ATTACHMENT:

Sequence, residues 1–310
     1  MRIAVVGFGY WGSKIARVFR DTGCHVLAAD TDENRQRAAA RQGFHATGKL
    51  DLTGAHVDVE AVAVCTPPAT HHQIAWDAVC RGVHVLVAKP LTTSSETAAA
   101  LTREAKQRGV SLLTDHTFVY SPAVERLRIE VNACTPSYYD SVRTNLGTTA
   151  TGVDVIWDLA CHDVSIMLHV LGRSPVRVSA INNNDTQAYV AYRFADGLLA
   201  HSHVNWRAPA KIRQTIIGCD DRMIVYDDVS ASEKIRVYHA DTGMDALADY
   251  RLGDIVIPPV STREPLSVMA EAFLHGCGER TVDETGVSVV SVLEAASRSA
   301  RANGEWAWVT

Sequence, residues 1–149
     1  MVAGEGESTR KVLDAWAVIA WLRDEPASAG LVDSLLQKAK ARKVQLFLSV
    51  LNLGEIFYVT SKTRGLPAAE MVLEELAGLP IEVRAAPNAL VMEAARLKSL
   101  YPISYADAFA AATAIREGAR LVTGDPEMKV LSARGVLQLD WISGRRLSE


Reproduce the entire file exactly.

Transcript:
Sequence, residues 1–310
     1  MRIAVVGFGY WGSKIARVFR DTGCHVLAAD TDENRQRAAA RQGFHATGKL
    51  DLTGAHVDVE AVAVCTPPAT HHQIAWDAVC RGVHVLVAKP LTTSSETAAA
   101  LTREAKQRGV SLLTDHTFVY SPAVERLRIE VNACTPSYYD SVRTNLGTTA
   151  TGVDVIWDLA CHDVSIMLHV LGRSPVRVSA INNNDTQAYV AYRFADGLLA
   201  HSHVNWRAPA KIRQTIIGCD DRMIVYDDVS ASEKIRVYHA DTGMDALADY
   251  RLGDIVIPPV STREPLSVMA EAFLHGCGER TVDETGVSVV SVLEAASRSA
   301  RANGEWAWVT

Sequence, residues 1–149
     1  MVAGEGESTR KVLDAWAVIA WLRDEPASAG LVDSLLQKAK ARKVQLFLSV
    51  LNLGEIFYVT SKTRGLPAAE MVLEELAGLP IEVRAAPNAL VMEAARLKSL
   101  YPISYADAFA AATAIREGAR LVTGDPEMKV LSARGVLQLD WISGRRLSE